Mar 2, 2014

Korean Beef Stew ala Kimchi

People my age would remember Kimchi as a popular restaurant in SM Foodcourt whose specialty is the Galbi Jim, or Korean Beef Stew. Unfortunately though, perhaps with waned popularity and the high cost of leasing and maintaining space in the mall, Kimchi branches have become fewer and fewer, replaced by glamorized 'turo-turos.'

We had friends over for dinner last Thursday and for a treat I decided to make this dish. Initially I considered using one of the recipes I found in Google, but decided winging it, based on what I think should be in it, from the memory of the taste of the dish. (People close to me know that this is how I cook-- approximating flavors from memory.) I think I was able to really come close to the Kimchi recipe. :)  I would probably use a different gochujhang (Korean chili paste) brand, next time though, as this one  wasn't as spicy as I wanted.


What's In It?

1 kg. beef short ribs
1 large red onion, peeled and sliced
1 head garlic, peeled and mashed
1 cup Kikkoman soy sauce
1/2 cup brown sugar
1/2 cup Chinese cooking wine
2-4 tablespoons gochujang (Korean chili paste)
1-2 tablespoons sesame oil
Bird's eye chilies (siling labuyo), optional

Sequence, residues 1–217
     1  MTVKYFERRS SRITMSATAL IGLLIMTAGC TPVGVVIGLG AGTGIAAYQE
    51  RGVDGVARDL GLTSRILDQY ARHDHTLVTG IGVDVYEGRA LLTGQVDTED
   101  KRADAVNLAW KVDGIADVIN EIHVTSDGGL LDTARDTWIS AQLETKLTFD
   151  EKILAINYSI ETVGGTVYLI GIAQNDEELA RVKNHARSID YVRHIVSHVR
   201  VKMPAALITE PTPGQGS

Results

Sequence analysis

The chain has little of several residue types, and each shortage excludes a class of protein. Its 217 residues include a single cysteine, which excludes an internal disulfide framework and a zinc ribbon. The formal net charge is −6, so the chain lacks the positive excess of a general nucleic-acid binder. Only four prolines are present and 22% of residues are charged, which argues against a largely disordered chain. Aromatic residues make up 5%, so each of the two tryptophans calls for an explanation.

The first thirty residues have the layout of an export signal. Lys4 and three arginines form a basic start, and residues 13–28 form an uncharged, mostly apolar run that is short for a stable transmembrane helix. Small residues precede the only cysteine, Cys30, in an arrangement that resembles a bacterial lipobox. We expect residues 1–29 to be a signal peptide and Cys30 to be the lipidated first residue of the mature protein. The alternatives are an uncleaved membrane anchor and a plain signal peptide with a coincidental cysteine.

1 bunch onion leeks, washed and sliced diagonally into 1/2" lengths
Toasted sesame seeds (for garnish)

Kitchen Conjugations:

Wash the beef short ribs in cold water, removing slime and fat. Place them in a stock pot, and add in water to the level just enough to cover the ribs. Boil over high heat for 3-4 minutes.

Remove all scum from the broth. Add in all ingredients except the leeks, sesame seeds and chilies. Let boil some more for about 5 minutes, then lower heat to simmer the dish for about two hours. Yes, that long! Could be longer, if you had the misfortune of buying tough meat...

Check from time to time if you need to add more water. Check and adjust seasonings, too. You may need to add more sugar and/or cooking wine should you opt to add water. Add salt (not soy sauce) for a little more saltiness. Warning: adding more soy sauce instead of salt will make the broth too dark.

You can add the chilies at this point if you find that the chili paste has not spiced things up to the level desired. While waiting you can also slice the onion leeks, toast the sesame seeds and steam some rice. :)

This dish is best cooked till the meat gets to fall-off-the-bones tenderness. Test by poking a piece with a fork. If the tines get through without much effort, the meat is tender enough.

Garnish with onion leeks and toasted sesame seeds. Serve hot with steamed rice and sautéed mung bean sprouts (togue) on the side. Enjoy!


1. Do you really need gochujang? Yes, if you want the authentic Korean taste and the reddish tint of the Kimchi resto version. I bought my chili paste from Shopwise. See how it looks like here.

2. Do you really have to use Kikkoman? Yes, or some really good soy sauce.  As this is a stew the meat absorbs and retains the flavors of the stewing broth so it is important that you use good soy sauce (and reserve the inexpensive soy sauce for regular fares like Adobo).

PS: Here's a special shout-out to my friend Mark Samson who introduced me to this dish at Kimchi. Thanks, Mark!